Given the above picture
·         Should religious leaders be de linked from partisan politics or the body politic as a whole?
·         When does the involvement of religious leaders in the body politic become unnecessary?
·         What should be the role of religious leaders in Uganda’s political setting to day?
POLITE NOTE: Open Talk Debate is a forum for critical intellectual discussion and not emotional outbursts. The debate is organized by HALEA.
-          HALEA: Humanist Association for Leadership Equity and Accountability

Monday, March 21, 2011


When in 2009 ASH Executive Secretary George Thindwa saw the original report of the conviction of Bertha Yohane and her sentencing to four years imprisonment on charges of witchcraft he swore to himeself that he would work to have her released.
She is now released after successful appeal and back with her family as the photo taken at Thindwa's home clearly shows.

Yohane expressed her gratitude:

"I had no idea that any people or organisation that did not know me personally could be so kind as to help me."

A report on the outline of the case appears under the heading "Another witch freed" in the blog of March 17, below.



A short article on the award of the 2010 Nordic Rainbow Humanist Award to our association featured on Page 2 of Malawi’s Sunday Times. The article was highlighted on the front page (see photo). This is another example of how ASH is thought of as newsworthy by the local media - another boost to our public image.



By Bonda Chifundo, Chancellor College

Quote: When even the brightest mind in our world has been trained up from childhood in a superstition of any kind, it will never be possible for that mind, in its maturity, to examine sincerely, dispassionately, and conscientiously any evidence or any circumstance which shall seem to cast a doubt upon the validity of that superstition. I doubt if I could do it myself. Mark Twain

Superstition encompasses beliefs in gods and witchcraft. Humanism rebuffs superstition, all supernatural beliefs and places man at the centre of life.  Let me show why Humanism is better than superstition by looking at these  three ways; reliability, the contribution each makes to humanity, and the view each holds of the human race.
RELIABILITY: Superstition is based on beliefs that have not been experienced and for which little evidence exists. It is founded on the precept of the unknown, unseen and should be feared. Superstition instils fear; a tendency not to question it even if one sees flaws in it.  Fear is unhealthy; it restricts people from reaching their full potential and enjoying life. Humanism promotes the need to question everything and promotes free inquiry. Beliefs must be questioned. As a result, Man has made great strides in life. It was humans not gods who discovered modern medicines, created modern technology and invented things. All the inventions and positive discoveries are a result of human effort on its own.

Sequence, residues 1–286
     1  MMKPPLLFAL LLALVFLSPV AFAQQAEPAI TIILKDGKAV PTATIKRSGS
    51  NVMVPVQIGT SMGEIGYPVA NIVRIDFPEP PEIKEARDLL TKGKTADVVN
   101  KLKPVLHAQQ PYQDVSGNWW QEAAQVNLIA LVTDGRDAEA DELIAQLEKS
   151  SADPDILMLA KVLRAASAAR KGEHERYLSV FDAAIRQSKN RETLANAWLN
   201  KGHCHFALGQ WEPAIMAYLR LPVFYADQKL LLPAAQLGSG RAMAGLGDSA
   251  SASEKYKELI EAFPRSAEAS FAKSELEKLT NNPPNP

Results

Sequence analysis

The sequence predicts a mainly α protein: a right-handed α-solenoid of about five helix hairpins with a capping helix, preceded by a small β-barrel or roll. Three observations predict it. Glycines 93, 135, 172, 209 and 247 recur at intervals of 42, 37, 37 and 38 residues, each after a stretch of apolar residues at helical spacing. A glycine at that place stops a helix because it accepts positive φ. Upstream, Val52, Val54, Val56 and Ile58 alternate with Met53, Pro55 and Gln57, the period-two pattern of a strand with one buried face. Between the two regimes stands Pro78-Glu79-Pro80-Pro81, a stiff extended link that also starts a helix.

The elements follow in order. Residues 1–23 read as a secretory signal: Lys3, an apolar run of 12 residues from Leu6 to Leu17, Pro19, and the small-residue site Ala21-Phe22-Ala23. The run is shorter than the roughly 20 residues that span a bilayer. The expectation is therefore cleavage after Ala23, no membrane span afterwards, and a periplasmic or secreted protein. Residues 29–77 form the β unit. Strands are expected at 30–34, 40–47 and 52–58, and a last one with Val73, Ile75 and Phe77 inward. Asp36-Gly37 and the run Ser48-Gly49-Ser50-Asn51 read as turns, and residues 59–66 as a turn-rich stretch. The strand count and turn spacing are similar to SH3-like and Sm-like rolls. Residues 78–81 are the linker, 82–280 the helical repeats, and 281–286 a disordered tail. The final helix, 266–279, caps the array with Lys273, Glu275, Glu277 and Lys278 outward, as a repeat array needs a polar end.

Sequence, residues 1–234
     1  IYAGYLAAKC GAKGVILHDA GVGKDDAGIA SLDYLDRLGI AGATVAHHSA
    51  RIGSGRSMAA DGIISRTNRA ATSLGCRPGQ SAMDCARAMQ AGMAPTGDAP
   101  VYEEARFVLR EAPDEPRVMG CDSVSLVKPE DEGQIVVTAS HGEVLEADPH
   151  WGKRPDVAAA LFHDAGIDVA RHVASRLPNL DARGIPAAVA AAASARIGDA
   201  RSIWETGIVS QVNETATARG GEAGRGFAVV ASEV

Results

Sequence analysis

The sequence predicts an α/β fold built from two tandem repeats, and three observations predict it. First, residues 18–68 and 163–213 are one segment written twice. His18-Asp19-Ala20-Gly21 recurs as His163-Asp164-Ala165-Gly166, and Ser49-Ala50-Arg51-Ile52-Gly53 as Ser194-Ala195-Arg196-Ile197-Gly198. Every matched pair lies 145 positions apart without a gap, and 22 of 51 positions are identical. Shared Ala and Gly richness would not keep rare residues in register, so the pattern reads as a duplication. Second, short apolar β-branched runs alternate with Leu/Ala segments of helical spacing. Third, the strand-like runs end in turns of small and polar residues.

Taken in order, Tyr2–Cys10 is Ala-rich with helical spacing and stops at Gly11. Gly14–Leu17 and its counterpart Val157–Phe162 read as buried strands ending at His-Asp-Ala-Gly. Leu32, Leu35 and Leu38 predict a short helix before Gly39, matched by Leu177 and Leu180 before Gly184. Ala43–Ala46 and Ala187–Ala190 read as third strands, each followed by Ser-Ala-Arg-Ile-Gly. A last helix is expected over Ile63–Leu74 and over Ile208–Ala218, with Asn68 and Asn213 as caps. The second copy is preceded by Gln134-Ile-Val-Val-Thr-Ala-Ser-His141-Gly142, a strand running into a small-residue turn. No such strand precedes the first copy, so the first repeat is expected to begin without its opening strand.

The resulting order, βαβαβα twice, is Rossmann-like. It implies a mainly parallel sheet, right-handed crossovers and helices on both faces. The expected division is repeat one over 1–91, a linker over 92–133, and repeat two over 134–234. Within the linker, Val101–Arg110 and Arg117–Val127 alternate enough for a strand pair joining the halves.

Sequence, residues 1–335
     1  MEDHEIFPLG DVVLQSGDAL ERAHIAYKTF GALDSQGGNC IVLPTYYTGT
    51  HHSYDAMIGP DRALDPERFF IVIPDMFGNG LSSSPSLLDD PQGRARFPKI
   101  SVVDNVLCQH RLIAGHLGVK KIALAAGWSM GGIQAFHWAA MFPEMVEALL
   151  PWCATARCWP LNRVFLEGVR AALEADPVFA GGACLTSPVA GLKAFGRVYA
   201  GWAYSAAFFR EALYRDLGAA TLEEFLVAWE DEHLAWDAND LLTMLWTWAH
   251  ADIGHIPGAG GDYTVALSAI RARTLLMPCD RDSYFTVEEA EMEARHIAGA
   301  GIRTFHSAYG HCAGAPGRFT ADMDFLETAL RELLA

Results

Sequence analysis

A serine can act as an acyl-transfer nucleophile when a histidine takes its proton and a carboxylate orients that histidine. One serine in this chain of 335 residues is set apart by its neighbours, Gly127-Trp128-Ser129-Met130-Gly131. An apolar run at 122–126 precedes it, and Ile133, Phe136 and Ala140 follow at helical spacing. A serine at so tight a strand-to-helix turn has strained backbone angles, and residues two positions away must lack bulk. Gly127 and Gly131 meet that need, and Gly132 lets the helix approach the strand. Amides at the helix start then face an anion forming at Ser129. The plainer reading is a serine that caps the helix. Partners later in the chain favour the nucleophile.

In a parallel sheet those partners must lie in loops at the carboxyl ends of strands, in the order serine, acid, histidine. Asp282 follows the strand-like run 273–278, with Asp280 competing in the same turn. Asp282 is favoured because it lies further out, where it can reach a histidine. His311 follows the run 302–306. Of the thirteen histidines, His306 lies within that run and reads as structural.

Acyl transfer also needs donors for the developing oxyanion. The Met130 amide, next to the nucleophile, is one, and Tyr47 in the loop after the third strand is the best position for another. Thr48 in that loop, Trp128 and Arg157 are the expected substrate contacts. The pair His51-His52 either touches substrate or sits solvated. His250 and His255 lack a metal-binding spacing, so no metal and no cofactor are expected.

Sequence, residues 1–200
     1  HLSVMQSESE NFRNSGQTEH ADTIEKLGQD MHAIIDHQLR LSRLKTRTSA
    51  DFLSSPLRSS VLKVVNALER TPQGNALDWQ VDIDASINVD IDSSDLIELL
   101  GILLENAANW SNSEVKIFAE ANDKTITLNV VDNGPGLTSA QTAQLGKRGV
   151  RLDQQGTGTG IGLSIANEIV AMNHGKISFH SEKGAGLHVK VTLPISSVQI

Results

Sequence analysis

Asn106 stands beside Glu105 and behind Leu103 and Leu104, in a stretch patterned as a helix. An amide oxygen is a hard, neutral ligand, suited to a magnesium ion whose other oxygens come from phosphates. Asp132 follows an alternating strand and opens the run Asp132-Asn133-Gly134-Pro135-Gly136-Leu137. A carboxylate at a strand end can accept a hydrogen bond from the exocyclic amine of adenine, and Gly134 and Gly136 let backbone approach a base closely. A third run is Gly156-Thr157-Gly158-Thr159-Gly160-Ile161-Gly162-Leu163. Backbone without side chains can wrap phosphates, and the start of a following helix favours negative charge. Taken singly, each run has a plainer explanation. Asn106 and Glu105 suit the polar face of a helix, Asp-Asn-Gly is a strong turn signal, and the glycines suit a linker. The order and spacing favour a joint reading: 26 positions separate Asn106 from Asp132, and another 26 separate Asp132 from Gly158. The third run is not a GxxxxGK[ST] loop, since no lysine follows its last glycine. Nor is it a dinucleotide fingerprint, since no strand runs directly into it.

CONTRIBUTION TO HUMANITY:  Superstition has been the major cause of conflicts, death and human suffering. Religion has caused millions of deaths by persecution and we still have wars among different religious groups.  Religion and other superstitions consume a lot of time, money and human labour and waste a lot of resources. If the money going to building churches  were to build schools; help the poor and time spent in prayer well utilised in human development, we would be better off.  Humanists don’t worship in churches, thereby saving resources, advocate that everyone must be productive; promotes reasoning without having to conform to imaginary supernatural entities. Through reasoning, man has achieved great wonders. Humanism promotes scientific explorations, whose discoveries have promoted a better life for humanity to our present world.
VIEWS OF HUMANITY; Superstition places man below the supernatural powers and therefore obliges man to subjugate himself to them. In Christianity man is below Jesus and God. Man’s purpose is to glorify these entities. Superstition denigrates man and elevates the unknowable. Superstition leads people to see others as members of a group and discriminates against minorities. In African tradition and the Holy books, woman is merely a creation to serve man. Humanism believes in the power of the human being, and that there is no supernatural source of help. Humans must solve challenges of wars, poverty, and disease on their own. Humanist do not discriminate against anyone and through evolution see men and women as equal, who live this life in the here and now without discrimination.
We live in the 21st century where we cannot be guided by doctrines and dogma. The world is now different and changing. Humanity must examine the world without fear, pursue its dreams and create a better world, free from the baleful influence of belief in non-existent powers.  That is what Humanism has to offer.